CBD oil only (2015)
On June of 2015, Governor Abbot signed SB 399, the Texas Compassionate Use Act. This law allows access to some patients to low-THC cannabis. Cannabis products are considered low-THC if they contain at least 10% cannabidiol, but not more than 0.5% tetrahydrocannibinols. The state of Texas approved the medical use of such products to patients diagnosed with intractable epilepsy.
Another significant difference between Texas and other states’ medical cannabis laws is that SB 339 establishes a sort of parallel prescription system in which registered physicians record such information as patient dosage and amounts. This prescription would be taken to a dispensing organization to be filled. While this bill uses “prescription” physicians can only recommend cannabis under federal law.
The Texas Department of Public Safety (DPS), which administers the program, has issued a proposed revision of the Compassionate Use/ Low-THC Cannabis Program administrative rules that are made publicly available. The public can make informal comments on these rules for DPS to consider in its formal rule making, which will begin on August 25, 2016.
The DPS faces a deadline of September 1, 2017 to license at least three dispensing organizations that may perform any or all of the cultivation, production, or dispensing functions. By July 2016, DPS plans to begin the Compassionate Use Register, an online database to manage licensing for dispensing organizations.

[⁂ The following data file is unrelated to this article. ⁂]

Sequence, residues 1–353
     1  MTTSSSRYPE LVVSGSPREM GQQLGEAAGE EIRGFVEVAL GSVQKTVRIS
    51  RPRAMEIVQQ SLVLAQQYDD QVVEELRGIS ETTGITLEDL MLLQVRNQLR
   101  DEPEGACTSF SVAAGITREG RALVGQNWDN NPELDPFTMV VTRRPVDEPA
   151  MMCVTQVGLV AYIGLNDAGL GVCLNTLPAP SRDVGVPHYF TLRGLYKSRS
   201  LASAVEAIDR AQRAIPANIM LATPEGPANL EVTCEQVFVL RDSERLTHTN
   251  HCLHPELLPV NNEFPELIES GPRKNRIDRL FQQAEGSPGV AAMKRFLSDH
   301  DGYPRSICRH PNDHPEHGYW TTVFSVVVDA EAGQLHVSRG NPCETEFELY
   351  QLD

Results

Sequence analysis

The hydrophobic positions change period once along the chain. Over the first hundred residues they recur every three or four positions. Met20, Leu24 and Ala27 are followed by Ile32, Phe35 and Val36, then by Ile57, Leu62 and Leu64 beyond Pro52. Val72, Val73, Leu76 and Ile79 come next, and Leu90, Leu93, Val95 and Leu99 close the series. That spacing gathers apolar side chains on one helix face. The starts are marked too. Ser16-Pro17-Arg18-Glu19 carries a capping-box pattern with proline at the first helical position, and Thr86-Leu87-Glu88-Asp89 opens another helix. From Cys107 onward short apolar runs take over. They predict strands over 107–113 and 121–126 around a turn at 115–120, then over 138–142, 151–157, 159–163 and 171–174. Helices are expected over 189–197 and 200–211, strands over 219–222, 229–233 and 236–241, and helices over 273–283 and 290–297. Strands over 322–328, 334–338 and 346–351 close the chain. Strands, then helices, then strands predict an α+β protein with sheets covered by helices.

Cannabis Grow Limit:
This will be handled by the (at least) 3 dispensaries to be licensed by September 1, 2017.
Allowed under SB 339
Allowed under SB 339
Distribution/DispensariesAllowed under SB 339
CBD Oil Only is allowed in Texas as of 2015
Important Cannabis Laws
SB 339 “Texas Compassionate Use Act” (2015) : allows access to some patients to low-THC cannabis (.5%). Unlike many other CBD Laws this act also allows for dispensing organizations to cultivate, process and distribute this medical cannabis. These dispensing organizations will be overseen by the Texas Department of Public Safety. All patients would have to be diagnosed with intractable epilepsy, be under the care of an authorized physician and have tried at least two FDA approved drugs prior to trying medical cannabis.